Sunday, August 24, 2008

Five Quarters of the Orange; Joanne Harris

I’ve had this book for years, I probably bought it new, but it sat and sat. Until one day I finally pulled it down and read the first few pages and *wham!* I was hooked. Just like that. Often a book will have to wait patiently, very patiently, after it comes to live on my shelves until I pull it out to read it. As the song says, I have to be in the mood again. Otherwise, either I won’t finish it or it’ll be a wallbanger or I’ll pick it apart. Or I’ll trade it or give it as a gift without actually reading it. But- if I’m in the mood? At least it’ll have a fair shake, so to speak.

Anyhow, Ms. Harris has written quite a few other books, Chocolat perhaps most notably. While reading Five Quarters I was reminded somehow of Like Water for Chocolate, written by Laura Esquivel. In different ways each author emphasizes centrality of food and family, the lasting effects one event can have. Both novels are powerful. Ms. Harris’ character does not triumph until much later in her life, but I ought to save that for later, I suppose.

Five Quarters is narrated by a sixty something year old woman named Boise, Framboise properly. That was one of Ms. Harris’ unique touches, most of the narrator’s family members are named (in French) after foods. The one sibling who isn’t? Comes to a tragic end. I am getting ahead of myself though. The narrative moves back and forth between Boise’s present and one year, during World War II, that is the pivot of all their lives. Framboise, her sister and their brother live with their widowed mother on a little farm in rural France. Money is tight; they do whatever they can to make ends meet. Right from the start their mother is harsh, cold, rarely allowing finer feelings to surface. Then again, if I had no money, three kids and a farm to run I don’t know that I’d be able to show softer feelings either, TBH. Still, their mother is hard on them and appears to have more than a small touch of what is now called obsessive compulsive disorder.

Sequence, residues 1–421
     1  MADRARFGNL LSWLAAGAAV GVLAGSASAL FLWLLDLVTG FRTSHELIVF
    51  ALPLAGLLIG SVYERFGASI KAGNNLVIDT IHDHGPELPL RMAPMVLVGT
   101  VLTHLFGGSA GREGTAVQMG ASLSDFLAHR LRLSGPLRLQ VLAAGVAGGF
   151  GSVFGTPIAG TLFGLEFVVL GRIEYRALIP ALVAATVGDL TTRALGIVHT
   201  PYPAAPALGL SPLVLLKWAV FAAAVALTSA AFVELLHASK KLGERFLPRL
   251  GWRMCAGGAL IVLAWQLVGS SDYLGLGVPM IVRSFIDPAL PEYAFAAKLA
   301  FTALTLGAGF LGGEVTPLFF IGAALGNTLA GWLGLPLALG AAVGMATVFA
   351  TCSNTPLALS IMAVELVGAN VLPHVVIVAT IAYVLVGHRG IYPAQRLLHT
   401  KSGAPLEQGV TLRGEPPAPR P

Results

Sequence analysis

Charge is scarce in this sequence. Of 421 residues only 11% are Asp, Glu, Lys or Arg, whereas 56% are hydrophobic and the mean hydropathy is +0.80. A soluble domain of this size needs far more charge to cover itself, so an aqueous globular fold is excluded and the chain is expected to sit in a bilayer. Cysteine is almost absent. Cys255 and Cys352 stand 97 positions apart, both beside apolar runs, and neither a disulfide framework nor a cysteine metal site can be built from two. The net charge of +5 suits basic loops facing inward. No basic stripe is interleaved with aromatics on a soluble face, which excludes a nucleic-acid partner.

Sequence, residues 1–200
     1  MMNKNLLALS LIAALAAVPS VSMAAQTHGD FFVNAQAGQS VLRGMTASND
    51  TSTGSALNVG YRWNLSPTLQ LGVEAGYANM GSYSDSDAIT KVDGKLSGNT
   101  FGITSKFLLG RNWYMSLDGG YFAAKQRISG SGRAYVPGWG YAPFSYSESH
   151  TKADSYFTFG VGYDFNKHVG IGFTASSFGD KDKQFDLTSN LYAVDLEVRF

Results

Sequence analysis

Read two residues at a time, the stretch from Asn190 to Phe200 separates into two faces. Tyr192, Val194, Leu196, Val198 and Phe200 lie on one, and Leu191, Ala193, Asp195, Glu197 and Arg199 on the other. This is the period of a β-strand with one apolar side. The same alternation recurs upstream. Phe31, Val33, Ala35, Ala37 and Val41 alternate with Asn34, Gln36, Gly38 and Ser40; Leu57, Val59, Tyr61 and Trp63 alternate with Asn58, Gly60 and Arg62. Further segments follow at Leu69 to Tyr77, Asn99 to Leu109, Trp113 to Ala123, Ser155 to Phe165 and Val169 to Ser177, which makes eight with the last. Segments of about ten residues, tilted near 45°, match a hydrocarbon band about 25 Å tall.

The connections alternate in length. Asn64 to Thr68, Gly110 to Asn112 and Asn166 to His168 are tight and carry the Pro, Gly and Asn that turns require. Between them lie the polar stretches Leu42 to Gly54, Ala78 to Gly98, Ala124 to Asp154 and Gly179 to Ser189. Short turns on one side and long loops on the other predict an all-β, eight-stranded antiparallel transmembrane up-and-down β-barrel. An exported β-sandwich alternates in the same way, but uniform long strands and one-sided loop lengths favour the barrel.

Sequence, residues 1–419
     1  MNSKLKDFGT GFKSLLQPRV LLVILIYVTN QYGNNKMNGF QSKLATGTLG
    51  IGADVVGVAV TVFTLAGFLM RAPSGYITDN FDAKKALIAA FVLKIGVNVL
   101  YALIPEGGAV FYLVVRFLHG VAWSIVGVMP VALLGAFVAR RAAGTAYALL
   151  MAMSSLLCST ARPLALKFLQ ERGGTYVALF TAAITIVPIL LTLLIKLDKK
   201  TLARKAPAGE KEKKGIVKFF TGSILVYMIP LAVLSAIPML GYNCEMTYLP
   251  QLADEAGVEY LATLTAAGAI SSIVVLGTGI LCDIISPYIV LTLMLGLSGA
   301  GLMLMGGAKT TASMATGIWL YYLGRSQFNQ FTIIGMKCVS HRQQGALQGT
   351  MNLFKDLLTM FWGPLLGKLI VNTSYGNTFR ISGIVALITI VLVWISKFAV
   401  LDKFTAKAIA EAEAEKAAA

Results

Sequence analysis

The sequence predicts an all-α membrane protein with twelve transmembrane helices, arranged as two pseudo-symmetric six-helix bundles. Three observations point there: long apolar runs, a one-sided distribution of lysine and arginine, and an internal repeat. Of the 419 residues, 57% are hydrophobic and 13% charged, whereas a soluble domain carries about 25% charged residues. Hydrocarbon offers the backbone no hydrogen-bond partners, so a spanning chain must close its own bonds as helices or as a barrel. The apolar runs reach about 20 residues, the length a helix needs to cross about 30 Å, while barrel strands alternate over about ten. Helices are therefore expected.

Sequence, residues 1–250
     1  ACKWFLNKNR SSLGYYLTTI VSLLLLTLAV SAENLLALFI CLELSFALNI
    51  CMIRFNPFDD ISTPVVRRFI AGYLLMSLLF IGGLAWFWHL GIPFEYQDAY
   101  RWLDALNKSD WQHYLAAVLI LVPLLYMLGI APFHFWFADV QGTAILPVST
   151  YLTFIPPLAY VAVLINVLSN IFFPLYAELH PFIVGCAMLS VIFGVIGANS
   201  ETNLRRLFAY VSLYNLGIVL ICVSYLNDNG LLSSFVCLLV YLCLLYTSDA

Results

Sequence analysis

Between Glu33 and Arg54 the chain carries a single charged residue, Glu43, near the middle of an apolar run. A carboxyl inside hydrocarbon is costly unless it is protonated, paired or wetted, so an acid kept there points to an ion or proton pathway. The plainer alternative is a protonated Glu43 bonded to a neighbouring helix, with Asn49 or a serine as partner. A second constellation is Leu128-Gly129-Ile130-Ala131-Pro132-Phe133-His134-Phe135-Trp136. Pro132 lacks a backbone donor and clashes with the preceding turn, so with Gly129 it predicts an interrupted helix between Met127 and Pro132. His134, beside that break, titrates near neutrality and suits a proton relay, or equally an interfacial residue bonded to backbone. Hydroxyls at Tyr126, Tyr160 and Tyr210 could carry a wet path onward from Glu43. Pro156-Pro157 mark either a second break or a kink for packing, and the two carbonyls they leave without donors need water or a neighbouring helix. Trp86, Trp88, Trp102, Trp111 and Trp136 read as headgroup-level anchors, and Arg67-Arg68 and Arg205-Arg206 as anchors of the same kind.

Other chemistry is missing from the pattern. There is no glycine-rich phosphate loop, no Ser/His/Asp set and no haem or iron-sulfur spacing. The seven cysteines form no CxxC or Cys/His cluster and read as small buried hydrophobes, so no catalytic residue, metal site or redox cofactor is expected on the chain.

In the present day Framboise has returned under cover to the farm, using her married surname only. She is a secretive woman. Like her mother, she shows few of her feelings: coldness, irritation, anger. You realize that she would be a difficult woman to live with, a difficult woman to love. Prickly and defensive, Boise is a woman who is more likely to wound you first to save herself from you wounding her. The best defense is a good offense. The question is: what happened to make her this way? What happened to the little family that Framboise has snuck back to the farm incognito decades later? Why after all of these years is she still hiding?

I talked out loud to myself while I read this- not a common occurrence for me. “O.M.G.” “You’re kidding!” “Wow. That explains a lot!” And, last but not least, “Boy, I didn’t see that one coming!” Because Boise was a kid during the flashbacks, you only have as much information as a kid could expect to have or reasonably expect a kid to figure out. And Boise, while smart and tough and resourceful, is still only a kid.

Five Quarters of the Orange is a wrenching, powerful read. Ultimately, it’s about personal growth and love and making peace with the past. A wonderful, wonderful book. Keeper.

Image found on Harper Collins

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